In the past I have not been kind to affordable housing programs. I have a lot of deeper problems with them that I’ll get to in a minute, but I think the extraordinarily high upper income limits on some of the projects are indicative of the broader problem of the essentially arbitrary and random (literally – they’re usually decided by lottery!) nature in which they’re doled out. In a way, even when the beneficiaries are blatantly undeserving, everybody wins – politicians get votes, and affordable housing advocates get paid. Everybody, that is, except market-rate renters, but when’s the last time they ever voted somebody out of power for sabotaging their interests?
Anyway, your latest affordable housing outrage story comes from New York City (where else?) – specifically 138th Street in Harlem, where the 73 units at Beacon Towers are almost all under contract, and Curbed claims that most of the remaining units are income-restricted “up to $192,000”!!! Oh yeah, and they can’t even find enough people who qualify.
Which brings me to another point: the Beacon Towers are not towers, and are certainly not any kind of beacon. They’re eight stories tall, and considering we’re talking about new construction in Manhattan, I’m going to take a wild guess and say they built right up to the zoning envelope. The immediate neighborhood is a mix of turn-of-the-century five- and six-story walkups (but little in the way of even cornice lines), some post-war towers-in-a-park-style buildings that reach up to 15 (!!) stories, along with a smattering of parking lots and other woefully underused lots. As Robert Fogelson wrote in Downtown, the New Yorkers of 1900 fully expected that by 2000, the whole island of Manhattan would be a river-to-river block of commercial skyscrapers. Perhaps that was unrealistic even if there had been no zoning code, but I bet they’d be shocked to know that a hundred years into the future and we’re still building 8-story buildings in Manhattan.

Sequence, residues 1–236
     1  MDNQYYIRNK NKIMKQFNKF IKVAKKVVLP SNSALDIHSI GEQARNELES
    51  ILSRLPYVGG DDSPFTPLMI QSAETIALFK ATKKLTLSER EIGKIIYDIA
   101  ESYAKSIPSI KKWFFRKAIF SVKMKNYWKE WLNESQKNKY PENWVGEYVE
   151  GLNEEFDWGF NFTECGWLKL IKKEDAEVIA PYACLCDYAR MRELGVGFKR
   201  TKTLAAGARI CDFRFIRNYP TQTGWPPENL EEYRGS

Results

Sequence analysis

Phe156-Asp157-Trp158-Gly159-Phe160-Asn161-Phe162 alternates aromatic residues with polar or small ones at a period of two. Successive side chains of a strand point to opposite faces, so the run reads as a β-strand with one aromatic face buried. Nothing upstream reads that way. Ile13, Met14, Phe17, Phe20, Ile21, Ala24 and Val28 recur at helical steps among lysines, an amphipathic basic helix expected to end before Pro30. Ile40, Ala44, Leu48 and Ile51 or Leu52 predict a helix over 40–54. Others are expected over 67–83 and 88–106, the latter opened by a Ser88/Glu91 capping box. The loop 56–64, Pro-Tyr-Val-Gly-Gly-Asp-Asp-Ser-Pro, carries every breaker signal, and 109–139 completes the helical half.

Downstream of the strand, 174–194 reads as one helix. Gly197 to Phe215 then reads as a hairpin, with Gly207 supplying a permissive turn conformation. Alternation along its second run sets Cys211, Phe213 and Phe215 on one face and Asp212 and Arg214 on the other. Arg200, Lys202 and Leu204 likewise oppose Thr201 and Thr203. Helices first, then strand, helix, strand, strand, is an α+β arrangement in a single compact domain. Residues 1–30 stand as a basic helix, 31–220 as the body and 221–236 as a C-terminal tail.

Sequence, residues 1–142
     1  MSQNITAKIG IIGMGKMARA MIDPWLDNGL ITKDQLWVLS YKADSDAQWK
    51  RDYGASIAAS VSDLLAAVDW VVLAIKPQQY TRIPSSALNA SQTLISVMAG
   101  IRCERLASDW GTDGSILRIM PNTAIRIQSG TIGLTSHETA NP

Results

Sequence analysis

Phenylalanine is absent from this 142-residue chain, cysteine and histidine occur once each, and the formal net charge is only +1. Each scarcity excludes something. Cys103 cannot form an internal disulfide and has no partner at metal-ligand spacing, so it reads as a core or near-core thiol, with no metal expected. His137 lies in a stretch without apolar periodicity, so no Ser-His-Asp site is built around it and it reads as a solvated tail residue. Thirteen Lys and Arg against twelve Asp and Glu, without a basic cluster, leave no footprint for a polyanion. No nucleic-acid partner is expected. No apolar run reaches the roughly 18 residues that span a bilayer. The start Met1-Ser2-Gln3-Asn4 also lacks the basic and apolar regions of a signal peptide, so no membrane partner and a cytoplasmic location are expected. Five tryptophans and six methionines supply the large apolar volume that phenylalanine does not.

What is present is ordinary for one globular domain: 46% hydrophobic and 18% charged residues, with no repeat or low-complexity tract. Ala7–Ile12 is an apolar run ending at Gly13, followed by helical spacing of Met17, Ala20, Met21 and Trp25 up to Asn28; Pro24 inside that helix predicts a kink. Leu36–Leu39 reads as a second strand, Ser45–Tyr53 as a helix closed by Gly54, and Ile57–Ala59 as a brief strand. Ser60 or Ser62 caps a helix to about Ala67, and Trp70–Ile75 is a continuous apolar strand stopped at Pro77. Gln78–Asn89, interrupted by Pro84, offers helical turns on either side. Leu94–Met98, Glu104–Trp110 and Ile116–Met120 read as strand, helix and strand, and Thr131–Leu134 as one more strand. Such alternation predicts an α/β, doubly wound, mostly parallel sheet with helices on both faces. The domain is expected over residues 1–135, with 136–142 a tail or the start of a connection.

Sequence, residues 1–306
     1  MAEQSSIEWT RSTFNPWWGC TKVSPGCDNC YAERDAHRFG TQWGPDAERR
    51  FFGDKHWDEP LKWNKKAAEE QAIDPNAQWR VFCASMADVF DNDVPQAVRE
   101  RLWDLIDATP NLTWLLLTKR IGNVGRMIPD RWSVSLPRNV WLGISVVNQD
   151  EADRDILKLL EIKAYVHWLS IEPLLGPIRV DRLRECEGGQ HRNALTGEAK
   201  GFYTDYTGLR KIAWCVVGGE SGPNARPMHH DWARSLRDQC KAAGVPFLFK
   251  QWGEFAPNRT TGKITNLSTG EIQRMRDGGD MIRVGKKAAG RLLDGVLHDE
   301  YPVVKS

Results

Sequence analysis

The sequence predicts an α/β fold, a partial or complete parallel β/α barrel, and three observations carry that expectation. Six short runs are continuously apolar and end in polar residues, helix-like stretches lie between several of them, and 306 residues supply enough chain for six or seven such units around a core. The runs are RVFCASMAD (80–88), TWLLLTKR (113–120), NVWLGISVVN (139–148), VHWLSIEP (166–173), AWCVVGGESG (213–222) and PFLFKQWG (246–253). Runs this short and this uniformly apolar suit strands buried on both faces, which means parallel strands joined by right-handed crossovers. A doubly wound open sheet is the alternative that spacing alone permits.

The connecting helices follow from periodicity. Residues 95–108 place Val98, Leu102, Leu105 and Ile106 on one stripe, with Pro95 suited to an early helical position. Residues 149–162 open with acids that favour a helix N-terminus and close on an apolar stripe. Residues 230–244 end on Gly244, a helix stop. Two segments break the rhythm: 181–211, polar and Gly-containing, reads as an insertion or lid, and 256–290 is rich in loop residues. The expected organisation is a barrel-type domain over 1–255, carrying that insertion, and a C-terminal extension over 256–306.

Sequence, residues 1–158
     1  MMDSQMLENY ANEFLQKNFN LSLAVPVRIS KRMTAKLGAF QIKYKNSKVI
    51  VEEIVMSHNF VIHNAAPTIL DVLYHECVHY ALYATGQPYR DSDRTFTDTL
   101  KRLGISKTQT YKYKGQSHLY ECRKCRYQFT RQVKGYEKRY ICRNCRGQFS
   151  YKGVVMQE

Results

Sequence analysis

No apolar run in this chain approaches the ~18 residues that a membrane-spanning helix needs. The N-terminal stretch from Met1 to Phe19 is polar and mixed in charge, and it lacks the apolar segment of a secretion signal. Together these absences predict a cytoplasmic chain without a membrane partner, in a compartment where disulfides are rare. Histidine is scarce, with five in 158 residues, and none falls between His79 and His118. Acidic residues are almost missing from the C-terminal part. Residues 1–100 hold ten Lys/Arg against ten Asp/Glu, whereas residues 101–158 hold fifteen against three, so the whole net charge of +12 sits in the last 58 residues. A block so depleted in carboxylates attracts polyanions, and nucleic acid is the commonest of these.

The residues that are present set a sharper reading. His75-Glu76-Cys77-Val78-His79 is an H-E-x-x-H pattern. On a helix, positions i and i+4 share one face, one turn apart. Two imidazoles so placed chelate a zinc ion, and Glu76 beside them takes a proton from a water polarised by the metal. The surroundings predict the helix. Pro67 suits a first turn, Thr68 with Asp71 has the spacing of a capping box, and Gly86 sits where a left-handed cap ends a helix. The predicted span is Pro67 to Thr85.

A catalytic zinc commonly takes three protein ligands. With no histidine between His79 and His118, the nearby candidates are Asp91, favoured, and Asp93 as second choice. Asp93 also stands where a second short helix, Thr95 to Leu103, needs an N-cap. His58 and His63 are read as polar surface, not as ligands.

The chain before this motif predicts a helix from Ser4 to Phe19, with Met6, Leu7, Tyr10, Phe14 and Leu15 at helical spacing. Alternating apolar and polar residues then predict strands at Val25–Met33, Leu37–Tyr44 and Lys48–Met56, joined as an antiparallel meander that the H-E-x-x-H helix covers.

To be sure, bad zoning laws and not affordable housing mandates are to blame for the fact that taller buildings aren’t allowed in America’s most desirable city. But wasn’t this something that affordable housing was supposed to alleviate? Urbanist boosters of the mandates often tout “density bonuses,” or allowing developers to build a little more in exchange for subsidized units, as a way of eking out a little more density from the zoning code. Clearly that didn’t work in this case.
In fact, back during the 2005 Chelsea rezoning, affordable housing advocates were actually successful in getting the district’s allowed density reduced, “in order to provide more incentives for developers to apply for higher density under the inclusionary housing program.” In other wards, completely subverting the original voluntary “density bonus” idea. I suppose it was inevitable – the “density bonus” concept was forged by planners as a way of achieving their goals by enlisting the support of affordable housing activists, but they failed to recognize that the whole scheme is really just an incentive for affordable housing activists to push for downzonings. After all, they are ideologically disinclined to trust in market mechanisms, and certainly don’t care about increasing the market-rate housing supply, which often comes in the form of new luxury construction.
Anyone else know of other instances of this happening? Is it systemic, or are most affordable housing advocates not that cynical? (…or do the zoning committees stop them?)